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Chinan Jockeys Association fear health of jockeys at risk over Racing NSW’s new handicapping situation

Health and pay fears: Jockeys gather at the winners area at Doomben racecourse to pay their tributes to Tim Bell in November last year. Photo: Robert ShakespeareThe n Jockeys Association fears the health of the state’s riding population is being put at risk and heavyweight riders could lose up to a quarter of their income as a result of Racing NSW’s bid to provide a greater spread of handicaps in non-feature races.
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The first week of the new handicapping system –  under which non-feature races must contain a horse weighted at the minimum of 53kg in an attempt to induce an 8kg spread – has caused chaos for jockey managers with weight-restricted riders who are booked weeks in advance for mounts.

A number of benchmark races at Canterbury on Saturday featured the weights being dropped so the new minimum of 53kg could be met, meaning jockeys who can’t ride at such a light weight have been forced to renege on longstanding commitments.

The AJA has sought a meeting with Racing NSW over the festive period to air their concerns and Fairfax Media spoke to several jockeys on Wednesday who were privately aggrieved at the new system, which could see heavier riders giving up close to 25 per cent of their earnings through lost bookings.

But of more concern are fears jockeys whose opportunities may now dry up will starve themselves to lower their minimum riding weights to tailor the new system.

“We’ve insisted a meeting with Racing NSW to discuss the full ramifications of the system and the meeting needs to take place as an absolute priority because the health and wellbeing of NSW’s riders is being put at risk due to the decisions and policies that have been put in place now,” the AJA said in a statement provided to Fairfax Media.

Some of Sydney’s top riders – including the country’s most celebrated – Hugh Bowman, Melbourne Cup-winning hoop Blake Shinn, Godolphin’s retained rider James Doyle and premiership hopeful Josh Parr – face the prospect of sitting in the jockeys’ room on a more regular basis given they don’t ride light weights.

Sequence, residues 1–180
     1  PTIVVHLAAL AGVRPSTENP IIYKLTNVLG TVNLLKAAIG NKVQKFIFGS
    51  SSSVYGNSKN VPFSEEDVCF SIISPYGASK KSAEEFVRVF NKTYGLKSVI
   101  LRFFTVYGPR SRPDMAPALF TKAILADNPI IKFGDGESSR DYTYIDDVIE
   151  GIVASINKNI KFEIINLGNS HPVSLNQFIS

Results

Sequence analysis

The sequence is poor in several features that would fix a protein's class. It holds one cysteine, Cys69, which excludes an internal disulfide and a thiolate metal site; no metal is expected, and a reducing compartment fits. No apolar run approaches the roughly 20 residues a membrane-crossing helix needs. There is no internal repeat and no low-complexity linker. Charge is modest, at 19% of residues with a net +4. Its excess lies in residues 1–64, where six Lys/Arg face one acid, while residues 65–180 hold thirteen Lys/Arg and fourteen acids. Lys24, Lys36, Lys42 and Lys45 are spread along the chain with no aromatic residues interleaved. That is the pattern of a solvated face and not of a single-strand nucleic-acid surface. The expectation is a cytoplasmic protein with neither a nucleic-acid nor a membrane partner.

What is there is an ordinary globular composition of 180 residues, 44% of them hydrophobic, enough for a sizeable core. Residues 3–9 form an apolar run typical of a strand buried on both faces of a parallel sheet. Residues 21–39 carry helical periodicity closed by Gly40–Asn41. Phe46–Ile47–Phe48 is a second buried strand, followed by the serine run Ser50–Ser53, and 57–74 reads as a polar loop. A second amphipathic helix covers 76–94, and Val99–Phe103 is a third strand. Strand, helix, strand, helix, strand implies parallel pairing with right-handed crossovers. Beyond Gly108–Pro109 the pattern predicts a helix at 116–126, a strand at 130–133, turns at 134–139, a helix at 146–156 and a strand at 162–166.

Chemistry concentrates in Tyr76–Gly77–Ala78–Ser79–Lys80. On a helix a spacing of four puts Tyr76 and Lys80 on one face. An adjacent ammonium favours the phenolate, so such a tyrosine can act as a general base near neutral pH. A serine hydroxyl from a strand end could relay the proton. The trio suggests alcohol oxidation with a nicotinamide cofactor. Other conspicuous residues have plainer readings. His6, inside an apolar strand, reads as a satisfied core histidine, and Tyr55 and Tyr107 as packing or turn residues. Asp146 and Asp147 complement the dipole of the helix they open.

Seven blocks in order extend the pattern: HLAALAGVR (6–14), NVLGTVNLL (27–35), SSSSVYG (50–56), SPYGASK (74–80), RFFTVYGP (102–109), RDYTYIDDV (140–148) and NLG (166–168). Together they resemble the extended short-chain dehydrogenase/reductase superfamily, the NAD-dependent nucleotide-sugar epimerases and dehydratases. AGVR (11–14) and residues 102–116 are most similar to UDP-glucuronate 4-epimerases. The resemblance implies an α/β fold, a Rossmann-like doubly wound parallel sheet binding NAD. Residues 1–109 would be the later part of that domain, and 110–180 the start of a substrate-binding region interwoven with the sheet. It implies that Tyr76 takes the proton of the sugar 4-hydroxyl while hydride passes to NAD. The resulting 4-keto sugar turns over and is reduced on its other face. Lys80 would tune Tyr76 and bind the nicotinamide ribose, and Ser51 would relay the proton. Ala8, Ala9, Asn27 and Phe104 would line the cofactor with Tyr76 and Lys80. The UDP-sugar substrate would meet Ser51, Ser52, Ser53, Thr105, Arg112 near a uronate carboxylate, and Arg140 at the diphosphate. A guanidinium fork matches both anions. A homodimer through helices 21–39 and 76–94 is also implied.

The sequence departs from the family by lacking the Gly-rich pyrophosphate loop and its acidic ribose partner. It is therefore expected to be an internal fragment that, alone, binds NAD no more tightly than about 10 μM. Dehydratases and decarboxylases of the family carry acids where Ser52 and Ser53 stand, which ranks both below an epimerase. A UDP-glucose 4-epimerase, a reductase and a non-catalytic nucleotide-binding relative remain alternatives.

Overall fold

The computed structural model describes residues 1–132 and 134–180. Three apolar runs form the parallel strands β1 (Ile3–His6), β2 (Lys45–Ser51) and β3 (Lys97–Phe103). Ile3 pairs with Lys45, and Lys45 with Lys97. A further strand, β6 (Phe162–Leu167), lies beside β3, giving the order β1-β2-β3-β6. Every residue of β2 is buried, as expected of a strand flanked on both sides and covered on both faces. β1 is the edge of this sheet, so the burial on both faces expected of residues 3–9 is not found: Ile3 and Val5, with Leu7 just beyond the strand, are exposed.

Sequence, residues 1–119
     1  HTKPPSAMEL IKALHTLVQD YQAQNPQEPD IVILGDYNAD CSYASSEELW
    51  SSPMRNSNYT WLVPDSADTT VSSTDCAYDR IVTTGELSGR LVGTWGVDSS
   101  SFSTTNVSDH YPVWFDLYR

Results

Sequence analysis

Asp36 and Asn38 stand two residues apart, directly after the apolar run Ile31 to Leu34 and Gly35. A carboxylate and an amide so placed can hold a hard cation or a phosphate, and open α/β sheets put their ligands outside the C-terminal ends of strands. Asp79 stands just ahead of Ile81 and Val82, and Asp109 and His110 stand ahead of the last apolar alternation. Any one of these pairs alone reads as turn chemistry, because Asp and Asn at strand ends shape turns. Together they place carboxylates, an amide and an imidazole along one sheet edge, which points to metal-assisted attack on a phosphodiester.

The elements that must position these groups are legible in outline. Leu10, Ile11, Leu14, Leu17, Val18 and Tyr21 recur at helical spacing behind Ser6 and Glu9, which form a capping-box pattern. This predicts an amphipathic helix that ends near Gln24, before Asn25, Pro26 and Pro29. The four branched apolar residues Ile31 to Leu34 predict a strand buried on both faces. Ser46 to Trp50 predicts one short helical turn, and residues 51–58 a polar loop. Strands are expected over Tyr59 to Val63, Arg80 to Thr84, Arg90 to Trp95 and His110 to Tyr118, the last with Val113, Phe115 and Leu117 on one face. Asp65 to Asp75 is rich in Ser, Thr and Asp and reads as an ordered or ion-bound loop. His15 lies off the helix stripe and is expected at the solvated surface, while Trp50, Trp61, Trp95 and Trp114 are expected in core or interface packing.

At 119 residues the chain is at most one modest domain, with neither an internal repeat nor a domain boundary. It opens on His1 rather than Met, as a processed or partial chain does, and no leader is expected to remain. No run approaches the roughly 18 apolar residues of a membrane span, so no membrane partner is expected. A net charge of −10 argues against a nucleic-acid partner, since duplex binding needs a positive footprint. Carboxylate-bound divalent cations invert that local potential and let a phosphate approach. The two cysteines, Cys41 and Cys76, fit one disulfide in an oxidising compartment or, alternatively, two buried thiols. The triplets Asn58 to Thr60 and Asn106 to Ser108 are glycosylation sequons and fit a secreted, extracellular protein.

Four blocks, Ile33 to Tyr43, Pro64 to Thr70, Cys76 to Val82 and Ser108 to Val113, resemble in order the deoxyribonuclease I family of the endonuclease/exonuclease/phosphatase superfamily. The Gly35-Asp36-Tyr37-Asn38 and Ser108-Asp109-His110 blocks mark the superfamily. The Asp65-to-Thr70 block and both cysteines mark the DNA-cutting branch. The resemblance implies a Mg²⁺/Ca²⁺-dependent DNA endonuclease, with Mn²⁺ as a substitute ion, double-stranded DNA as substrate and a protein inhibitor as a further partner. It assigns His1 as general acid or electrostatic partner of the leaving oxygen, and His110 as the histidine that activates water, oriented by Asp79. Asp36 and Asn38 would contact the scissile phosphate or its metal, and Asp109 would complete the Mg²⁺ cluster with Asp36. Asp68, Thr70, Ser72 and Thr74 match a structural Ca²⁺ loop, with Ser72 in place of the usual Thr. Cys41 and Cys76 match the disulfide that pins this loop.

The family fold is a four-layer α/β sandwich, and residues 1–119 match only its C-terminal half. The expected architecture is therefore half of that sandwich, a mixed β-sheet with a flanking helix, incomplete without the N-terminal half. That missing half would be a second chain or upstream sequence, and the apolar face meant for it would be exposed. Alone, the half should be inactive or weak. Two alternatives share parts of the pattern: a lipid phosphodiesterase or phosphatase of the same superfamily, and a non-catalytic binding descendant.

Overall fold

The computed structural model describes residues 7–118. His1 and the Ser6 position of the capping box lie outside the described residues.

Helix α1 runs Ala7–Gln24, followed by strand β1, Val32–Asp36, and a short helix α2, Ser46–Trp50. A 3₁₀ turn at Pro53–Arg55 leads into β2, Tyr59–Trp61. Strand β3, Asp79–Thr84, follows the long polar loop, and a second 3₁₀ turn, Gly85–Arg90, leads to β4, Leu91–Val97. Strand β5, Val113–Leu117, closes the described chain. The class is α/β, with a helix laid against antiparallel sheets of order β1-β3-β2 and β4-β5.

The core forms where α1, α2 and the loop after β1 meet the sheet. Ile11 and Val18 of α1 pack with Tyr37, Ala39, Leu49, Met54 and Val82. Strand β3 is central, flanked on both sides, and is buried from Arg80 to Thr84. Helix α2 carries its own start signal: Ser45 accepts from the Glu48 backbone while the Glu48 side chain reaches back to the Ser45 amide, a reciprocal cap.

Racing NSW rubber stamped the handicapping changes only three days before Christmas, arguing a greater spread in weights would increase field sizes and eradicate instances of horses carrying big weights above 60kg under compressed scales. It is due to be reviewed after six months.

But the changes have already rankled the jockeys. Already 3 rides I was booked to ride this Saturday have been taken from me due to this new weighting system. It is beyond pathetic.— Joshua Parr (@JoshuaParr8) December 27, 2016

“There’s still plenty of rides for the heavier jockeys and I don’t think they’re going to be as affected as they think they’re going to be,” Racing NSW chief executive Peter V’landys said. “There is no doubt that the spread of weights has improved field sizes and made racing in the metropolitan area a lot more competitive.

“We did a survey of the jockeys before we introduced it about going to a 53kg minimum and I met with some of them and they were keen to experiment with the 53kg. Naturally some people are going to be impacted, but we’ve got to act in the best interests of the industry as a whole when we do these things.”

The $150,000 Canterbury Classic features nine declared starters – excluding emergencies – carrying 53kg while in other key Magic Millions lead-up races preferred jockeys have lost rides due to the changing weight scale.

Stewards have given Christian Reith permission to ride Le Cordon Bleu 1kg over his allotted weight of 53kg in the Canterbury Classic given there are so few featherweight jockeys in Sydney this weekend.

“It’s been very frustrating for everyone,” said leading jockey manager Bryan Haskins, whose roster includes Bowman and Shinn. “If it doesn’t appear to work it is usually not working.

“You’ve got to think of the owners too and they are excited when they’re told Hugh Bowman is going to ride their horse and then come acceptance time they’re screaming for a 53kg jockey because the weights have been lowered.”

Sydney’s leading trainer Chris Waller has long argued the previous handicapping system was forcing horses to carry too much weight, which at least has been alleviated under the recent changes.

“The concept is right because I’m just dead against horses carrying big weights, but we’ve now got to be very careful of what jockeys we book,” he said.

“We’re ringing an owner telling them they’ve got Hugh Bowman or Blake Shinn or Tye Angland to ride – it might even be a 54kg rider – but when the weights come out we’ve found they’ve dropped. We need to find that happy medium.

“We shouldn’t be afraid to try things and I commend them for that, but at this stage it’s very hard booking jockeys.”

Added Peter Snowden: “I just can’t understand how we can be changing weights at acceptance time. All hell broke loose on Tuesday when we realised what was going to happen and we lost four riders on our horses for the Canterbury meeting and we’ve had to get new jockeys.

“I’m all for reducing the topweights, but we shouldn’t be reducing the minimum to 53kg and we’re going to end up with a situation where instead of booking jockeys two or three weeks in advance to get your rider of preference we’ll be doing them on a Tuesday and Wednesday morning.”